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It seems the Brits are even more obsessed with their weight than we are. The Fast Diet is at #4 on their list, but  only comes in at #70 on ours. And, shudder, at #8, there is a book called The Hairy Dieters by some guys formerly known as “The Hairy Bikers,” who seem to have gone through a Paula Deen-like conversion (minus the racial slurs) from a less-than-healthy lifestyle exemplified by their previous titles like The Hairy Bikers’ Perfect Pies (hope they wear hair nets).

Gangsta GrannyMany other titles are recognizable; Gillian Flynn’s Gone Girl, which made its appearance in the UK in January, comes in at #3. Others, not so much; there’s British comedian/author David Walliams, who has 5 children’s titles on the list, including Gangsta Granny, adapted into a Christmas BBC TV special this year, but not yet available here. (The Guardian offers a deeper dive into the list).

Hope you enjoy making your own cultural comparisons.

Nancy Pearl, RA Guru

Wednesday, November 28th, 2012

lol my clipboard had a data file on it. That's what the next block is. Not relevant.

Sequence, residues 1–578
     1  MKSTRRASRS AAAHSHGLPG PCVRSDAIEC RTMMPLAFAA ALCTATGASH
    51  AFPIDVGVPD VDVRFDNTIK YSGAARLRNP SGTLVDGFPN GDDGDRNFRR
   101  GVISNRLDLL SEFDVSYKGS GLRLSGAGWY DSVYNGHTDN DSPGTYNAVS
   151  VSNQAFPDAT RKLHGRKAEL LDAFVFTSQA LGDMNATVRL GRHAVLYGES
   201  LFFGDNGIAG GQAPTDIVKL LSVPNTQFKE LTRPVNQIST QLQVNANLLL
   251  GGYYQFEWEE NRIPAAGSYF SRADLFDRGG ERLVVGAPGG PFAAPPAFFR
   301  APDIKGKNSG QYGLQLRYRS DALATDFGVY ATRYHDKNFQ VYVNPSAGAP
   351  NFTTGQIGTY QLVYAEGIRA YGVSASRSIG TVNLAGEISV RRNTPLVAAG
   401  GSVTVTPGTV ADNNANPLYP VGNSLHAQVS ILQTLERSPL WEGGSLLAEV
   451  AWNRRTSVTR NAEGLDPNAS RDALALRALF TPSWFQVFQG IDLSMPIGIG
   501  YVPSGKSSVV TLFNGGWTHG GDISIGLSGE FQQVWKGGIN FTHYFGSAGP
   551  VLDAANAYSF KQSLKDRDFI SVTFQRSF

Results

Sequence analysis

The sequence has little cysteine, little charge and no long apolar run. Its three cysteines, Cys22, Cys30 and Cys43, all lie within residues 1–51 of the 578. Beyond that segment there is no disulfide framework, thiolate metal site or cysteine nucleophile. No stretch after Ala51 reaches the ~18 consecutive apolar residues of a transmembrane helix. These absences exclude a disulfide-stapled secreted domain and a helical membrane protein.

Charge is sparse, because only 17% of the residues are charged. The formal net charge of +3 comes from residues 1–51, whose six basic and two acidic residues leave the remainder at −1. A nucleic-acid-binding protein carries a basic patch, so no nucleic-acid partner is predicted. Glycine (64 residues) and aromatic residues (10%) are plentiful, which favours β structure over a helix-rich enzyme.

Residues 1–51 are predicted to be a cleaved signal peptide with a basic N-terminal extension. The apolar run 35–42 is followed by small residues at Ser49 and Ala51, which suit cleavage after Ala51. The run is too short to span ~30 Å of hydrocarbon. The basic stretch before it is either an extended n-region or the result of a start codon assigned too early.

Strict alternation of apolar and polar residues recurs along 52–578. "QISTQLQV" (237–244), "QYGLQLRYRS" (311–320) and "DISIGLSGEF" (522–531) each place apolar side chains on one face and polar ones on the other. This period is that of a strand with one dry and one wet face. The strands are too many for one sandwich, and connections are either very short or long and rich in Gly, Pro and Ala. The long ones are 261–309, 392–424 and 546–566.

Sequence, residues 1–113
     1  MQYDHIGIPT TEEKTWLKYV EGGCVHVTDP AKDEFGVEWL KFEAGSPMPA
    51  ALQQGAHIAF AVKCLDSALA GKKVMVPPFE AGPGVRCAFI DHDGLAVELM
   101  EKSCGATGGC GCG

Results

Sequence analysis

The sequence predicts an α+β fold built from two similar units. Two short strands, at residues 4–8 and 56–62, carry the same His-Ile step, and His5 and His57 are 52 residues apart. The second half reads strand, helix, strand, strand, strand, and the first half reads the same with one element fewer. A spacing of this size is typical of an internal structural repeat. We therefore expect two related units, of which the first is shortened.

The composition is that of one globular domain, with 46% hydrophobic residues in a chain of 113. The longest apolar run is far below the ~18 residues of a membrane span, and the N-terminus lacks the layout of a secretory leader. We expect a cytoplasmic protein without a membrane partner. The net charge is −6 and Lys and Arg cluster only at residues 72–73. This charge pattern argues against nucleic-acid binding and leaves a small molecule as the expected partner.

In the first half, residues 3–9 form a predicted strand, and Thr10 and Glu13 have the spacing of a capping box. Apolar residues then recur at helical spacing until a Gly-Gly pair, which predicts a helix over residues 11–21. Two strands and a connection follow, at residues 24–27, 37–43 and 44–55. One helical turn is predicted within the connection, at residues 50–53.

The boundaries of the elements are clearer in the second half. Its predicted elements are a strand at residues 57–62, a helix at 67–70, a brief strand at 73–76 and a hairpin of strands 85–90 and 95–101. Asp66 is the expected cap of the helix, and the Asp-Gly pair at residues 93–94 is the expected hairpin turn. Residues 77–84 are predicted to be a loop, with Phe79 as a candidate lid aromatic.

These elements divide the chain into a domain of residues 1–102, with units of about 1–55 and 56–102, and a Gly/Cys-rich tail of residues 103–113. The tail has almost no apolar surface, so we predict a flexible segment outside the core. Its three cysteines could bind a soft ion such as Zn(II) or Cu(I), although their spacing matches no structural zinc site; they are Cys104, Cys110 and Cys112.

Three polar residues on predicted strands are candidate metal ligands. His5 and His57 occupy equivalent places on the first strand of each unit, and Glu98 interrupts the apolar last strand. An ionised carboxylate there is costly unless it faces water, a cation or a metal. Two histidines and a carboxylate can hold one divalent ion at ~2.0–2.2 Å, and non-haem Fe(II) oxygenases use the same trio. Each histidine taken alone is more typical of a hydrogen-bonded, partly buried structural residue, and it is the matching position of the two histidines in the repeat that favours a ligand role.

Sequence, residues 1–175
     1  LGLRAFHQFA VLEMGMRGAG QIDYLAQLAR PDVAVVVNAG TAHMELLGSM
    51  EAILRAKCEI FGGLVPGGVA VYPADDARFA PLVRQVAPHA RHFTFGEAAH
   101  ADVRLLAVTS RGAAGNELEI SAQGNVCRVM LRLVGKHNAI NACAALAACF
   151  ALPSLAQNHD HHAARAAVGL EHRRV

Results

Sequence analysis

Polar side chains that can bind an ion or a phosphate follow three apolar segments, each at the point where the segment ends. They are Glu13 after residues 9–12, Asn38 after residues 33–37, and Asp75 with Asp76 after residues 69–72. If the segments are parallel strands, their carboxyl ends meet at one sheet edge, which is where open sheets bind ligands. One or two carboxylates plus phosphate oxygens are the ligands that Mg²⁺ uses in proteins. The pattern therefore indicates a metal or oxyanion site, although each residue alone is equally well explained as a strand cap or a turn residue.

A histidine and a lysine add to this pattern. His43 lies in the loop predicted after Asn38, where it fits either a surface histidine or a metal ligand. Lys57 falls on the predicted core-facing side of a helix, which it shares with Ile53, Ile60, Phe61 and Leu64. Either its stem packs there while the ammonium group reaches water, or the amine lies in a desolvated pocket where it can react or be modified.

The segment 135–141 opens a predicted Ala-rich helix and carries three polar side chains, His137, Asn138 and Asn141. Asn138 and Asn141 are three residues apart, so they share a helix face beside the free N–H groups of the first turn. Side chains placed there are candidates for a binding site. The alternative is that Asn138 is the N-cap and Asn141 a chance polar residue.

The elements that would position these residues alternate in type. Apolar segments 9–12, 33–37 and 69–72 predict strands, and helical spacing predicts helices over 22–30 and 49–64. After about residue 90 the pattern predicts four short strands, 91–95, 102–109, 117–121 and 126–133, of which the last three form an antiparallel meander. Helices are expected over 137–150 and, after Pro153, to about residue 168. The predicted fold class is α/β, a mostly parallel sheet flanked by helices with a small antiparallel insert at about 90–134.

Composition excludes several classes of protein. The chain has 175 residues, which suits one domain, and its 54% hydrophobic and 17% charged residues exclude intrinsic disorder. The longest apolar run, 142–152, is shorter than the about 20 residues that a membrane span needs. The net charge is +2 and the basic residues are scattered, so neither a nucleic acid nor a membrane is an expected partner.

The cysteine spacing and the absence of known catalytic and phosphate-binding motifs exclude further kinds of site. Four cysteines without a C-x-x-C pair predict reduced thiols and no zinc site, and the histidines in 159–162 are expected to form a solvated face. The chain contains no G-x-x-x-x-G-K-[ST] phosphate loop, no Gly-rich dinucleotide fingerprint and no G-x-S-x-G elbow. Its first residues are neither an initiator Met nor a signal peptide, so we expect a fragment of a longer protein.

When Nancy Pearl talks books, buyers listen. On NPR’s Morning Edition yesterday, she presented four of her “Under the Radar” picks (the full list of seven, along with a link to the audio, are on the NPR site). Two of the titles received dramatic bumps  on Amazon’s sales rankings.

America Aflame: How the Civil War Created a Nation, David Goldfield, (Macmillan/Bloomsbury). Rose to #189 from #102,066)

Nancy says this book that claims the Civil War could have been avoided, made her “look back and reassess my knowledge and beliefs” about the war and its aftermath.

Code Name Verity, Elizabeth Wein, (Hyperion). Rose to #216 from #5,238)

This one is not “below the radar” among YA readers. It’s on both the Publishers Weekly and Amazon’s Best Books lists. However, it may be lesser known to adults, who, as Nancy says, will also enjoy this “story of deep friendship, incredible bravery and the difficult choices that life sometimes forces on us.”